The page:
Wednesday, October 16, 2013

Mapping the Whole World

Ever want to map your whole game world. Not just the main campaign area but the whole world?
I'll admit it I have. I have to settle for projection problems caused by drawing a the surface of a sphere (a planet) onto a plane (the map). With modern software and computers we can draw a 3-D globe.

Here's a sample map:
Here's a couple shots of that sample world map wrapped onto and rendered on a sphere:
Not amazing since the source map was so simple and low res but definitely proof of concept. cool thing is 3D software, even something as simple as the 3D feature in newer versions of Photoshop let you draw on the globe itself.

Just have to figure out how to map relatively non-distorted hexes onto the 3D globe for a traditional hex crawl.


  1. Imagine actually printing out your campaign map onto an orrery or globe. That would be amazing.

  2. One way to minimize the distortion of hexagons is to map the hexes to an icosahedron. The twenty triangular sides can have as many hexes as you want to a side, the more hexes, the less distortion per hex. The main problems are a) that twenty spots on the globe will have pentagonal "hexes" (at the vertices of each face of the icosahedron); and b) there will be some distortion toward the edge of each face of the icosahedron.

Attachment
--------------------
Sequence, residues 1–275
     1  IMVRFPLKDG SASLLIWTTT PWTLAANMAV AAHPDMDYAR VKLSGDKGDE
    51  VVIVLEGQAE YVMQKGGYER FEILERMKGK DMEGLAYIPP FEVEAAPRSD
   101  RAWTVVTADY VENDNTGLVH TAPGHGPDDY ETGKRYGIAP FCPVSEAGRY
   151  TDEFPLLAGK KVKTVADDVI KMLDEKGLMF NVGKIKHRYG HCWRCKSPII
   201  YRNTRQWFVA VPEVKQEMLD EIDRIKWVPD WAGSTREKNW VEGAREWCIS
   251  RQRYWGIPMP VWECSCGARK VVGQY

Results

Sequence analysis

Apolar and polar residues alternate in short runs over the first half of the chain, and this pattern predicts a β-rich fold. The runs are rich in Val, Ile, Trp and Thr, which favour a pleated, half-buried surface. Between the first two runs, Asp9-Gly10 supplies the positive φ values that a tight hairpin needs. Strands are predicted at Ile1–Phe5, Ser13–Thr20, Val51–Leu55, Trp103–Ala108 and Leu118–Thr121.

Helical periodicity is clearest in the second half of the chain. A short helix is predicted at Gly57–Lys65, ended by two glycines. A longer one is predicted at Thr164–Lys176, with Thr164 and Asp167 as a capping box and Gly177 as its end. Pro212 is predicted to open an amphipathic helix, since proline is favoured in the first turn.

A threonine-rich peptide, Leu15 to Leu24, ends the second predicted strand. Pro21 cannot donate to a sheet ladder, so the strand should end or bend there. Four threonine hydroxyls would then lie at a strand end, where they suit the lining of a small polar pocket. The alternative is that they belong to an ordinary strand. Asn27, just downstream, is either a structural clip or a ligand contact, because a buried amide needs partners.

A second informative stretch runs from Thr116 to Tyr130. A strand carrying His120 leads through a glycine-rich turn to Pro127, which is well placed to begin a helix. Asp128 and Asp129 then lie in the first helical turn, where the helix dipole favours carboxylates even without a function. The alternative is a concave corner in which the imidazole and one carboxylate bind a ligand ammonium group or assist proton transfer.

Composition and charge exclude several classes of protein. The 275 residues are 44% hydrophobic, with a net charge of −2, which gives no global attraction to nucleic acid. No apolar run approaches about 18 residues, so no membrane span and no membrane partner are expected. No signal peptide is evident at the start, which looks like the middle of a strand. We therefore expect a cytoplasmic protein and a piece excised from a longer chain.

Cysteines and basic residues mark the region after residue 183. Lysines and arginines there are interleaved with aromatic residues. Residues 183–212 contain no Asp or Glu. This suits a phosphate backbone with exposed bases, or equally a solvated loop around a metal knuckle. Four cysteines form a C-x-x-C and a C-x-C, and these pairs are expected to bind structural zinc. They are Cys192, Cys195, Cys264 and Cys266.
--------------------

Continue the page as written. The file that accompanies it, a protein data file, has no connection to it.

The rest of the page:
3. You might still be able to find materials relating to Traveller that have blank maps of the icosahedral hexmap faoladh described. Judges' Guild used to do a blank maps booklet for Traveller that had them.

    1. The traveller world map is neat but it always bothered me that the polar hexes were not hexes. Needs more hexes, 35 hexes around the equator works out to 711 mile hexes for a word the size of earth, really not a lot of utility there for ground scale or even sailing ship action.

    2. Well, the problem is that you can't cover a sphere with only hexes. It just doesn't work, geometrically. Look at a soccer ball, there are pentagons on there. The Traveller map style reduces the number of pentagons to the minimum (20, one for each vertex of an icosahedron). There are variations of the old Traveller map that have various numbers of hexes per side of the polyhedron. T5 includes full maps up to 10 hexes per side (15 per side for a half-world map, 20 per side for a 1/3-world map), with each hex representing about 1000km.